Liver triglyceride and diacylglycerol levels were increased in the Vehicle group. In the 100 mg/kg QD 4-8 week group, liver triglycerides were decreased (p<0.001). Statistical significance was not achieved in the 5 mg/kg QD, 10 mg/kg BID, and 25 mg/kg BID Solithromycin groups, but a tendency to decrease liver triglycerides was noted in the 25 mg/kg BID group. Liver diacylglycerol showed a tendency to decrease in the 4-8 week 100 mg/kg QD group, but did not reach statistical significance in any Solithromycin group tested (Data not shown). 

Effect on HCC development: Macroscopic analyses of liver at week 20

All Vehicle treated NASH mice had hepatic tumor nodules at 20 weeks. The Solithromycin group showed a significant decrease (p<0.01) in the number of visible tumor nodules formed on the liver surface compared to the Vehicle group (Figure 6A). In addition, the Solithromycin group showed a significant decrease (p<0.01) in the maximum diameter of visible tumor nodules in comparison to the Vehicle group (Figure 6B).

Activation of FXR

Solithromycin did not show agonistic activity in the human FXR assays (Supplementary Figure 2). Furthermore, at noncytotoxic concentrations, solithromycin was not antagonistic to FXR.

Discussion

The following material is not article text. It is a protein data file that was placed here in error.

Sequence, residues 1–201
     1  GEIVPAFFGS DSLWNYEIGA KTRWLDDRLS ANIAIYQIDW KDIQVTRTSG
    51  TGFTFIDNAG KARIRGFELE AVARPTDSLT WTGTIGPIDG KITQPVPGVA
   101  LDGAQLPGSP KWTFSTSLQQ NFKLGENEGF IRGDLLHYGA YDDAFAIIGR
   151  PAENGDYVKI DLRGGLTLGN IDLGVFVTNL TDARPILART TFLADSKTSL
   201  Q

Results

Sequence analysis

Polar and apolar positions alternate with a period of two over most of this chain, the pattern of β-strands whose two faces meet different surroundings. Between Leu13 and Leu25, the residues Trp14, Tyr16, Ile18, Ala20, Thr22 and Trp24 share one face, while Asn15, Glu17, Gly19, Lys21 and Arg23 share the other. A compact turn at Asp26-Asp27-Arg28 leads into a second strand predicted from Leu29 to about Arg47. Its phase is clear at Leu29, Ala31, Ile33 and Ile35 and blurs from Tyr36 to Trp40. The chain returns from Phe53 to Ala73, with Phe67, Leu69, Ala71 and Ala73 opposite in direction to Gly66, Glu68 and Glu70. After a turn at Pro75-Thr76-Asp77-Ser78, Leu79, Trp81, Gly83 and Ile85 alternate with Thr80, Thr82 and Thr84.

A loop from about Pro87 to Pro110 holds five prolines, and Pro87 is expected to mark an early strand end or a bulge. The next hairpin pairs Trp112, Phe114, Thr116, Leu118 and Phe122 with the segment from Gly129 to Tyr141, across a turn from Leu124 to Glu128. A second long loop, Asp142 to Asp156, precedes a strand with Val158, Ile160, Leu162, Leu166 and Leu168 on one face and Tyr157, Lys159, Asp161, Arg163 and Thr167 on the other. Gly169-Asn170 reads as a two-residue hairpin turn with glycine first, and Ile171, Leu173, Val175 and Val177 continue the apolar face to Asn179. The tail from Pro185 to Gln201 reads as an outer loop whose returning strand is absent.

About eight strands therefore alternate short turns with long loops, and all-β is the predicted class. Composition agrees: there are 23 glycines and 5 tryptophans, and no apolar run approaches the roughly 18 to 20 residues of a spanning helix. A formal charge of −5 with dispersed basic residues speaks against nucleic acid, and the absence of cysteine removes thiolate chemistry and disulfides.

In the diabetic mouse model of NASH, solithromycinadministration resulted in hepatic histological improvement as evidenced by reduction in NAFLD activity scores that reflect a decrease in inflammation and hepatocyte ballooning degeneration. In addition, hepatic tissue and inflammation improved. Many of the solithromycin treated groups showed a reduction in fibrosis as well. Lastly, both the number and diameter of hepatocellular carcinoma nodules detected at 20 weeks were reduced in the Solithromycin group compared to Vehicle treated group. The experiments were designed to explore markers of inflammation, such as cytokines, glucose and lipid metabolism, cell proliferation, collagen deposition, FXR ligand binding and other factors associated with diabetes and NASH. The exact mediators of the anti-inflammatory effect remains unclear, as most of the inflammatory markers examined were not consistently decreased. The effect on the down regulation of enzymes involved with gluconeogenesis, even at the lowest dose of 5 mg/kg QD tested, as well as the lowering of blood glucose in the solithromycin treated mice were notable and may shed light on the mechanism of action of this macrolide for NASH. Suppression of gluconeogenesis appears to be an important contributing mechanism of action for solithromycin in improving NASH. A marked increase in gluconeogenesis is purported to be an underlying component of NASH in human subjects [32]. The enzymes FBPase and G6pc involved in the gluconeogenic pathway are regulated by PKCε and have been described as potential targets for treating diabetes [33]. These enzymes play a role in the late stages of gluconeogenesis while earlier enzymes in the pathway, such as Gck and Pck 1 are unaffected. Other work has suggested a link between elevated TCA cycle function and both hepatic insulin resistance and fatty liver in a mouse model. In this model, impaired insulin signaling resulted in elevated in vivo gluconeogenesis [34]. In the current studies, solithromycin suppressed hepatic mRNA expression of two key gluconeogenic enzymes, FBPase and G6pc. This appears to be the mechanism of glucose lowering in the absence of changes in insulin in this model system, functionally reversing hepatic insulin resistance [23,35]. The important role of PKCε in regulating lipid-induced hepatic insulin resistance may be at play as its mRNA expression level was significantly reduced even when hepatic diacylglycerol content was unchanged. PKCε (phosphoenolpyruvate carboxykinase 1), can phosphorylate and subsequently activate AKT (Supplementary Figure 3). Activated AKT suppresses the expression of gluconeogenic enzymes such as G6pc and FBPase by the phosphorylation and exclusion of the forkhead protein FOXO1 [36]. In this study, the improvement in histological parameters of inflammation was also accompanied by the improvement in fibrosis among solithromycin treated groups. The link between hyperglycemia and progression of fibrosis has now been demonstrated in a number of studies with Connective Tissue Growth Factor (CTGF) among implicated intermediates [37].